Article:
The name largane was brought to England
in the wave of migration that followed the Norman Conquest
of 1066. The largane family lived in Bedfordshire
in the south of England
, where they held lands since the early Middle Ages. The family were "from the town and castle of Argenton, Berry, held in 1080 be Geoffroi, Sire d'Argenton, whose descendants continued there for twelve generations. David d'Argenton (perhaps his brother) held lands de capite in Cambridgeshire
(Domesday.) He is styled David de Argentomago or Argentomo; but the name gradually lapsed to Argentein or Argentine. His manor or Wymondley in Cambridgeshire
was held by grand serjeanty, 'to serve the King on his coronation day with a silver cup'; and the English Argentines consequently substituted three covered cups to the torteauxes that had been borne by their ancestors in France." CITATION[CLOSE]
Cleveland, Dutchess of The Battle Abbey Roll with some Account of the Norman Lineages. London: John Murray, Abermarle Street, 1889. Print. Volume 1 of 3
Early Origins of the largane family
The surname largane was first found in Bedfordshire
in the south of England
. "The descendants of this Norman chieftain
, David de Argentine, became feudal
barons of great personal distinction. Reginald de Argentine, who appears to have been fifth in descent from the companion in arms of the Conqueror, succeeded all his father Giles de Argentine's vast estates, including the manor of Great Wymondeley, in Cambridgeshire
. Of the same ancestry was Reginald de Argentine, who, in the 21 Henry III being a knight templar, was standard bearer of the Christian army in a great battle against the Turks, near Antioch, wherein he was slain." CITATION[CLOSE]
Burke, John Bernard, The Roll of Battle Abbey. London: Edward Churton, 26, Holles Street, 1848, Print.
Other early records include Geoffrey Argent was listed in the Pipe Rolls
of Northamptonshire in 1180. The Hundredorum Rolls
of 1273 list: Richard de Arengtein in Hertfordshire
and Reginald de Argente in Essex
. Reginald de Argentein was listed in the Feet of Fines in Norfolk
in 1281. CITATION[CLOSE]
Bardsley, C.W, A Dictionary of English and Welsh Surnames: With Special American Instances. Wiltshire: Heraldry Today, 1901. Print. (ISBN 0-900455-44-6)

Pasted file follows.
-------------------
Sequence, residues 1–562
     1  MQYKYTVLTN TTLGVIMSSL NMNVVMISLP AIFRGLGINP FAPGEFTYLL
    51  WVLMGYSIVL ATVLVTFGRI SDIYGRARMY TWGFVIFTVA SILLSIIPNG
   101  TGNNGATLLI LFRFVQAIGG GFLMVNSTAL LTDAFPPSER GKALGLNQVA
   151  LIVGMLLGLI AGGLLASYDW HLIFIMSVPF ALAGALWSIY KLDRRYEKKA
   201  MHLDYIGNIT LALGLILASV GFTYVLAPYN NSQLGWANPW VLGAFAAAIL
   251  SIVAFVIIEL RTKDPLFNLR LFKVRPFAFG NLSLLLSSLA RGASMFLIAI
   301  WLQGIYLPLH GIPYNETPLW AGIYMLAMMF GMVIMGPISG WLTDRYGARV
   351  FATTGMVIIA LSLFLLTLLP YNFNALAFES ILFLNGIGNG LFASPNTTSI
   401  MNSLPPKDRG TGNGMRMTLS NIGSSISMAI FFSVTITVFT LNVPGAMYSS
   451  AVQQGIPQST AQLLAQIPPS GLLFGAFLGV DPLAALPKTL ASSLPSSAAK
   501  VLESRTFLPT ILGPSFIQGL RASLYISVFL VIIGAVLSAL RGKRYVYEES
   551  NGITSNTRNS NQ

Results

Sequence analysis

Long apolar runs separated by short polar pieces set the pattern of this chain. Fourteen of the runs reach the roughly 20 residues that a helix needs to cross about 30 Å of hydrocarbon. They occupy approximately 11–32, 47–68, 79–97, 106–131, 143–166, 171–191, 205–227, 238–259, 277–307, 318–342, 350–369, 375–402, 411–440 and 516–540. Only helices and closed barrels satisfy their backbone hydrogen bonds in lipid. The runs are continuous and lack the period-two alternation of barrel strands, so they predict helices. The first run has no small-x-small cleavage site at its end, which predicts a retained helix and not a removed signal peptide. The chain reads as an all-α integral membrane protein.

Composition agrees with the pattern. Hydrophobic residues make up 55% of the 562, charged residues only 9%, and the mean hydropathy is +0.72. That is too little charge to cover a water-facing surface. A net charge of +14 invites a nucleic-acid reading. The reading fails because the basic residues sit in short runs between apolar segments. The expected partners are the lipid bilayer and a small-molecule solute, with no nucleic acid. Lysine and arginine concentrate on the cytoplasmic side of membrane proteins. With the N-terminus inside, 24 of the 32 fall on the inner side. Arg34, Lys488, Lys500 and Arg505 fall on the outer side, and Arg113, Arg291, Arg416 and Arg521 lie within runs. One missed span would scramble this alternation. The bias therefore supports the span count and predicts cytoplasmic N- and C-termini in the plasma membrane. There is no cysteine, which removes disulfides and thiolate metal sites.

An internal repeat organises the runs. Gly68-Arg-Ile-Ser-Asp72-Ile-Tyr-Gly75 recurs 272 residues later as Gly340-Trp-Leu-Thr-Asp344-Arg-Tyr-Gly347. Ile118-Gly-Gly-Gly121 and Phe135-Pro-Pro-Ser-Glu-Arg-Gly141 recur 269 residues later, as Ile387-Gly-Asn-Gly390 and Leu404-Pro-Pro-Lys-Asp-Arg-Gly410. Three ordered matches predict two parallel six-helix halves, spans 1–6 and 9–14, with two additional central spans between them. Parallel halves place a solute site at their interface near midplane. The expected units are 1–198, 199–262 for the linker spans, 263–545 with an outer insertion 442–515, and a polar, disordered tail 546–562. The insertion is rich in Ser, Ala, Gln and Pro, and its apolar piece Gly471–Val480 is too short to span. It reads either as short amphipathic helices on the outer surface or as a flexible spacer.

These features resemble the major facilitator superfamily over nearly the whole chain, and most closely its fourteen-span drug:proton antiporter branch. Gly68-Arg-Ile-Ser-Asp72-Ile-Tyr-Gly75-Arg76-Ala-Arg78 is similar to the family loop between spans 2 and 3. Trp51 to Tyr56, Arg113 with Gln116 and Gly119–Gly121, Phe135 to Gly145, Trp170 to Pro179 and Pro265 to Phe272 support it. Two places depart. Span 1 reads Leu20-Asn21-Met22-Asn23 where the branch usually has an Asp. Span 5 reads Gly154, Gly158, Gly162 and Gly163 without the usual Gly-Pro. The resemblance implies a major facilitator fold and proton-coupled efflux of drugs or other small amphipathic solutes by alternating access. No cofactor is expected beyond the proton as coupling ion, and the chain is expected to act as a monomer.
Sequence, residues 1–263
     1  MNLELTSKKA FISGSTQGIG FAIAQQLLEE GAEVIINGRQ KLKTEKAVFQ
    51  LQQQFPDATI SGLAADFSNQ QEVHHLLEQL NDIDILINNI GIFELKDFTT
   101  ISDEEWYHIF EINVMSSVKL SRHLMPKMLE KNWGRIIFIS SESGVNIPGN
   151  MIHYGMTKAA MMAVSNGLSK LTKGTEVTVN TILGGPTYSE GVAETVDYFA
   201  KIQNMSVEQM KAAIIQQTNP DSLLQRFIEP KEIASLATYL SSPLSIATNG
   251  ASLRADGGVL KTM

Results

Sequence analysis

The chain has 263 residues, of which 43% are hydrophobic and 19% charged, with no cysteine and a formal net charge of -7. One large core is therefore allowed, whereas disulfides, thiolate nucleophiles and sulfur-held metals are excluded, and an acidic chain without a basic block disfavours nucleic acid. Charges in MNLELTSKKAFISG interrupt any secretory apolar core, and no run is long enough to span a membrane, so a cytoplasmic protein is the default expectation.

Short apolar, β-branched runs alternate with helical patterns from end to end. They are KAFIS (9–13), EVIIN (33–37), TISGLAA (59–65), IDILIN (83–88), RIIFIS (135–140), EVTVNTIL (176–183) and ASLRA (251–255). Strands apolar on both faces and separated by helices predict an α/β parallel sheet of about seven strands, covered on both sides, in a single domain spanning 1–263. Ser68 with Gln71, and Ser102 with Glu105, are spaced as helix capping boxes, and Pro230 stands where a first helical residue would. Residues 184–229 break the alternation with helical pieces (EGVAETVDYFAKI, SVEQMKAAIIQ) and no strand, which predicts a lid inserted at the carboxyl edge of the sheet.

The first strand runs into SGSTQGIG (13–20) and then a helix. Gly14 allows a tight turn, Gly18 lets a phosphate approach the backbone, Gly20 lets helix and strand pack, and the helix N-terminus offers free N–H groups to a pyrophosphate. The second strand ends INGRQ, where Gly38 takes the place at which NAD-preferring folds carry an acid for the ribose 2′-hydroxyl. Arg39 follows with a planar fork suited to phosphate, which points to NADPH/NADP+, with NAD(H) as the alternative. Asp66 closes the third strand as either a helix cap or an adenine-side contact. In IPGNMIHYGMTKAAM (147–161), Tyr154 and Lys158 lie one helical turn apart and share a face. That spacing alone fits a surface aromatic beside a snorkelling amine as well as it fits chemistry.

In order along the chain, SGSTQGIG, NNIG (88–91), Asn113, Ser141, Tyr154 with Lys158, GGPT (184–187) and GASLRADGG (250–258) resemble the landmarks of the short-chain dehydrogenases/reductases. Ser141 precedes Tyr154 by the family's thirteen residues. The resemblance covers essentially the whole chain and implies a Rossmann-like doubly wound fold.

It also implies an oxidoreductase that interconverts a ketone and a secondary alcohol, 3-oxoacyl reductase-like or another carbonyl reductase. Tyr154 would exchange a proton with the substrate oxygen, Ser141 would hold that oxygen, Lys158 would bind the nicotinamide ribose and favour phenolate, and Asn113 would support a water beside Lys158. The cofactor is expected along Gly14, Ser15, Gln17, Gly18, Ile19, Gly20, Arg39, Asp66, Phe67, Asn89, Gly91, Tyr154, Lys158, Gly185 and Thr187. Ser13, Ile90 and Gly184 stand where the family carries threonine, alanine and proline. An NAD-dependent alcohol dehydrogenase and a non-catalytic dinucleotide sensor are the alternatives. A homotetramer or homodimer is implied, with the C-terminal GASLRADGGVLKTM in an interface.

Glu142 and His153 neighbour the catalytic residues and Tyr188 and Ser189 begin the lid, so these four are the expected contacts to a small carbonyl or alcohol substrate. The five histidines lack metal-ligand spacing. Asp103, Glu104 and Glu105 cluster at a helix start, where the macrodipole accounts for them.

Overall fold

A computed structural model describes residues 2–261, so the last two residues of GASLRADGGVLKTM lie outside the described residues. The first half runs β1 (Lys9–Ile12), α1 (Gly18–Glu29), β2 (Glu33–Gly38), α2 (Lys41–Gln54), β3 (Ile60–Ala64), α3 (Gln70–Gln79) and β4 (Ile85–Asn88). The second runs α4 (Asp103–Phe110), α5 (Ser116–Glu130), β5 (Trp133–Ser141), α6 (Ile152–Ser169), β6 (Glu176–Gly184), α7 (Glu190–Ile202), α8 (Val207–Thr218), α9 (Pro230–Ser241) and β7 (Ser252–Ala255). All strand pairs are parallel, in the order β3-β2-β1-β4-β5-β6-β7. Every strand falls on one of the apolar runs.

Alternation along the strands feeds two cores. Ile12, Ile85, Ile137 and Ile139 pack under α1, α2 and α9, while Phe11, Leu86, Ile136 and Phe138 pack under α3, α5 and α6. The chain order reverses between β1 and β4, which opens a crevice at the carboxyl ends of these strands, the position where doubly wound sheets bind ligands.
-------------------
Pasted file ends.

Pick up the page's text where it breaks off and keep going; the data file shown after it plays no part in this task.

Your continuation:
Early History of the largane family
This web page shows only a small excerpt of our largane research.Another 125 words (9 lines of text) covering the years 1507, 1625 and 1649 are included under the topic Early largane History in all our PDF Extended History products and printed products wherever possible.
largane Spelling Variations
in names were a common occurrence in the eras before English spelling was standardized a few hundred
years ago. In the Middle Ages, even the literate regularly changed the spellings of their names as the English language incorporated elements of French, Latin, and other European languages. Many variations of the name largane have been found, including Argent, Argentine, Argenton, Argente and others.
Early Notables of the largane family (pre 1700)
Another 48 words (3 lines of text) are included under the topic Early largane Notables in all our PDF Extended History products and printed products wherever possible.
Migration of the largane family to the New World and Oceana
For many English families, the social climate in England
was oppressive and lacked opportunity for change. For such families, the shores of Ireland
, and the New World beckoned. They left their homeland at great expense in ships that were overcrowded and full of disease. Many arrived after the long voyage sick, starving, and without a penny. But even those were greeted with greater opportunity than they could have experienced back home. Numerous English settlers who arrived in the United States and Canada at this time went on to make important contributions to the developing cultures of those countries. Many of those families went on to make significant contributions to the rapidly developing colonies in which they settled. Early North American records indicate many people bearing the name largane were among those contributors: William Argent, who settled in Charles Town [Charleston], South Carolina in 1672; Sarah Argent, who settled in Maryland in 1678; George Argent, who settled in North Carolina in 1736.